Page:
Propounders’ first assignment of error reads:
“1. The court allowing evidence of mental capacity and charge relating thereto.
“EXCEPTIONS No. 2 (R p 40); No. 3 (R p 41); No. 4 (R p 44); No. 5 (R p 47); No. 19 (R p 79); No. 23 (R p 94); No. 25 (R p 104); No. 26 and No. 27 (R p 106).”
Propounders’ second assignment of error reads:
“2. The court’s admission of evidence relating to purported previous paperwritings of testator and the charge thereon.
“ExceptioNs No. 1 (R p 32); No. 6 and No. 7 (R p 51); No. 8 (R p 54); No. 9 and No. 10 (R p 55); No. 11, No. 12, No. 13 (R p 57); No. 17 (R p 72); No. 18 (R p 75); No. 21 (R p 85); No. 23 (R p 94); No. 24 (R p 95); No. 29 (R p 112); No. 30 (R p 114).”
These two assignments of error are typical of propounders’ third and fourth assignments of error, in that none of these four assignments of error show specifically what question is intended to be presented for consideration by this Court without the necessity of going beyond the assignment of error itself.
Rules 19 and 20, Rules of Practice in the Supreme Court, 254 N.C. 783, 795, 803, require that asserted error must be based on an appropriate exception, and must be properly assigned. We have repeatedly said that these rules require an assignment of error to show specifically what question is intended to be presented for consideration without the necessity of going beyond the assignment of error itself. A mere reference in the assignment of error to the record page where the asserted error may be discovered is not sufficient. Samuel v. Evans, 264 N.C. 393, 141 S.E. 2d 627; Darden v. Bone, 254 N.C. 599, 119 S.E. 2d 634; Hunt v. Davis, 248 N.C. 69, 102 S.E. 2d 405; Lowie & Co. v. Atkins, 245 N.C. 98, 95 S.E. 2d 271; *567 Steelman v. Benfield, 228 N.C. 651, 46 S.E. 2d 829. The rules of practice in this Court are mandatory and will be enforced. Walter Corp. v. Gilliam, 260 N.C. 211, 132 S.E. 2d 313; Balint v. Grayson, 266 N.C. 490, 124 S.E. 2d 364; Pruitt v. Wood, 199 N.C. 788, 156 S.E. 126. Propounders’ first four assignments of error are ineffectual to bring up for review by this Court any part of the trial judge’s rulings as to the admission of evidence, and the charge thereon.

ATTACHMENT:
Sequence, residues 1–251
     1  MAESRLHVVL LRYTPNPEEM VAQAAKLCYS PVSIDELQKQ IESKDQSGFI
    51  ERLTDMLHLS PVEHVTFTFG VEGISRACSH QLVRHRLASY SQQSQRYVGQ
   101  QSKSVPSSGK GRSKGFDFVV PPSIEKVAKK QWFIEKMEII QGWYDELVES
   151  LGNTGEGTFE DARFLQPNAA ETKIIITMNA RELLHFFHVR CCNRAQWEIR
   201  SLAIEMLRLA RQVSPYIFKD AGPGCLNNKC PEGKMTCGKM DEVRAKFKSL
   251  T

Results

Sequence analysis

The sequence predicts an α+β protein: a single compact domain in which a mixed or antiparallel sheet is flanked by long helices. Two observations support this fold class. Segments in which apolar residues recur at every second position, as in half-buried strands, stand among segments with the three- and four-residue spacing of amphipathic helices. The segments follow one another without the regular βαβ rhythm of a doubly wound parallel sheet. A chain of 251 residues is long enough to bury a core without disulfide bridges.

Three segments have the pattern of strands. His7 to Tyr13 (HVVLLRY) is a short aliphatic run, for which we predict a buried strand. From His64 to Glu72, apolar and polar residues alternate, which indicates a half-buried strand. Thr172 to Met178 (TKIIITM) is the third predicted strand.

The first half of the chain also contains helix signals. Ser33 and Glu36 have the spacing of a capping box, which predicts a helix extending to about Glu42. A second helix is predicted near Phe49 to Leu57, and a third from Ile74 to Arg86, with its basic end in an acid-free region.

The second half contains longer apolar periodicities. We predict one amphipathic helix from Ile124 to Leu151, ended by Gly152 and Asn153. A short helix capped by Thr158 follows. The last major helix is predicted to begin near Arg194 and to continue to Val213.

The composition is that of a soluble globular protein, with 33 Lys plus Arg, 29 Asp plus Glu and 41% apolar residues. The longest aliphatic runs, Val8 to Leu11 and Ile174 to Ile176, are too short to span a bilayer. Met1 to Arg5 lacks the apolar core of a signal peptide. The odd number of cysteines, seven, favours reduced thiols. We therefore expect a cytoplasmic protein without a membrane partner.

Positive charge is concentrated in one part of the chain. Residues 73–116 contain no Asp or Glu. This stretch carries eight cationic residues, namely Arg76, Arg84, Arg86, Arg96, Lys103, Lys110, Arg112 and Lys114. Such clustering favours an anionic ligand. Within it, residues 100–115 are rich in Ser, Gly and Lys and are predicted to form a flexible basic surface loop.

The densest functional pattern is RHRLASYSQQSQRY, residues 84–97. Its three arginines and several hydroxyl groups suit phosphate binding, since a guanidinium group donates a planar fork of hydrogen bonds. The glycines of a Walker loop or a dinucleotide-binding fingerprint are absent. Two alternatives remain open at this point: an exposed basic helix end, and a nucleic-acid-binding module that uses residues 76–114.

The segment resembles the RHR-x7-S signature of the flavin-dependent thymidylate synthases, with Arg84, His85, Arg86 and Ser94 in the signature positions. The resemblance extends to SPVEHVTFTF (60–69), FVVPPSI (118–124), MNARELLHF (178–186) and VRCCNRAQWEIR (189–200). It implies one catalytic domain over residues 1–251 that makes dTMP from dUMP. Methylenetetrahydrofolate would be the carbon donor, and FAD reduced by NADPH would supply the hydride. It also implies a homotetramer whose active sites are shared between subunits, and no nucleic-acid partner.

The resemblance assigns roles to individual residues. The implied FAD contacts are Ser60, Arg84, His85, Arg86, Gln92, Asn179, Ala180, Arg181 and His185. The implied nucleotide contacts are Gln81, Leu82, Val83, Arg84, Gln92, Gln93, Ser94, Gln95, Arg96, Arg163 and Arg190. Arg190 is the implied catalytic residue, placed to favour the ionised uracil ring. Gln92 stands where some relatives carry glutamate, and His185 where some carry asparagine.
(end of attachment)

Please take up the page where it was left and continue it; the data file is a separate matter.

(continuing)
“The requirements of the rules and the reasons therefor have been so often reiterated that the recurring necessity for restatement baffles our understanding.” Samuel v. Evans, supra.
Propounders’ fifth assignment of error is to the denial of their request for peremptory instructions as to the issues. This assignment of error is without merit, and is overruled.
Propounders’ sixth assignment of error reads:
“6. The court’s failure to include Burden of Proof placed on caveators on issue of mental capacity.
“ExoeptioNS No. 22 (R p 90); No. 27 (R p 106); No. 28 (R p 108).”
This assignment of error is overruled, for the reason that a reading of the charge in its entirety shows that the trial judge in his charge clearly placed upon the caveators the burden of proof of showing by the greater weight of the evidence that W. H. Adams did not have sufficient mental capacity to make a will on 12 June 1962.
Propounders’ last assignments of error, Nos. 7 and 8, are formal, and are overruled.
Propounders assign as error the court’s signing and entry of the judgment. This assignment of error presents for review the face of the record proper. The record, in the sense here used, refers to the essential parts of the record, such as the pleadings, verdict, and judgment, and does not refer to the evidence and the charge of the court. Balint v. Grayson, supra; Lowie & Co. v. Atkins, supra; Thornton v. Brady, 100 N.C. 38, 5 S.E. 910. No error of law appears on the face of the record proper, and the verdict supports the judgment.